Natasha Marrian Political editor: Business Day
Justice Kate O’Regan. Picture: BUSINESS DAY
Justice Kate O’Regan. Picture: BUSINESS DAY

Former Constitutional Court Justice Kate O’Regan herself had informed suspended South African Revenue Service boss Tom Moyane’s legal team that she had been a member of the board of Corruption Watch for a long period of time.

After President Cyril Ramaphosa rejected Moyane’s bid to have the state pay his legal costs and to amend the rules of engagement in the disciplinary inquiry, Moyane’s attorneys turned their attention to O’Regan, demanding that she be removed as chairwoman of the inquiry because she was on the board of Corruption Watch.

Corruption Watch had written to the National Prosecuting Authority (NPA) urging it to bring criminal charges against Moyane for his handling of the Financial Intelligence Report into his former second in command, Jonas Makwakwa.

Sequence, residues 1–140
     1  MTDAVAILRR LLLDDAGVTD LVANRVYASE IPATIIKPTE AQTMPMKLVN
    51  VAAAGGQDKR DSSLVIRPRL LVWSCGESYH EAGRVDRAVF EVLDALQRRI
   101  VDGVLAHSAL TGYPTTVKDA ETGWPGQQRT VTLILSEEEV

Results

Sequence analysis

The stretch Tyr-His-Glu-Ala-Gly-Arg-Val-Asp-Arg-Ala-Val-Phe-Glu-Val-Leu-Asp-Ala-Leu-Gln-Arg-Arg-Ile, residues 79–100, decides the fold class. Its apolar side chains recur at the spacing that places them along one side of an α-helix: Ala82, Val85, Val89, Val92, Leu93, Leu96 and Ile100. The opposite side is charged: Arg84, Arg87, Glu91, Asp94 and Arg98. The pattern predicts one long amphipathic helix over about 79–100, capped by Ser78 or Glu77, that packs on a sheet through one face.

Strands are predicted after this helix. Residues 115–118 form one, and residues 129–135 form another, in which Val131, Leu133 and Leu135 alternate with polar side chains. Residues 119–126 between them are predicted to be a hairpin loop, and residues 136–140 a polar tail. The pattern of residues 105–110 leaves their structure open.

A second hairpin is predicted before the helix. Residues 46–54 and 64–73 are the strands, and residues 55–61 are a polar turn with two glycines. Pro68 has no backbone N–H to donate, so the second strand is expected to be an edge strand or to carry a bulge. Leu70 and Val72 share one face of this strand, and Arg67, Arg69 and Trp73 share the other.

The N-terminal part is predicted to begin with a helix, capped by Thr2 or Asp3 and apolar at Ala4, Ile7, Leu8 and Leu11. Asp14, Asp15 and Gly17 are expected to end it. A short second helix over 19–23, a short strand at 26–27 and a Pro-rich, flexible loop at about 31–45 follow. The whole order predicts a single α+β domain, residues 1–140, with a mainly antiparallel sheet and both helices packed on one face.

In a letter to O’Regan, Moyane’s legal team expressed gratitude that she informed them of her role in Corruption Watch.

"We are grateful to you for reminding us of your long-standing association with Corruption Watch before the start of the inquiry," wrote Moyane’s attorney Eric Mabuza.

The NPA — largely criticised for failing to prosecute politically sensitive cases under former president Jacob Zuma — replied to Corruption Watch, saying it did not believe that Moyane had a case to answer.

Last week it changed its mind, informing Corruption Watch that it was reviewing its decision not to prosecute Moyane.

While O’Regan, according to Corruption Watch insiders, is not involved in the running of the organisation, Moyane’s attorneys requested that she recuse herself.

The new demand from Mabuza marks yet another delay in the inquiry against Moyane, in a critical week in which the Makwakwa matter is set to be further thrashed out in Parliament.

The Presidency could not immediately be reached about how it would respond to the new challenge.

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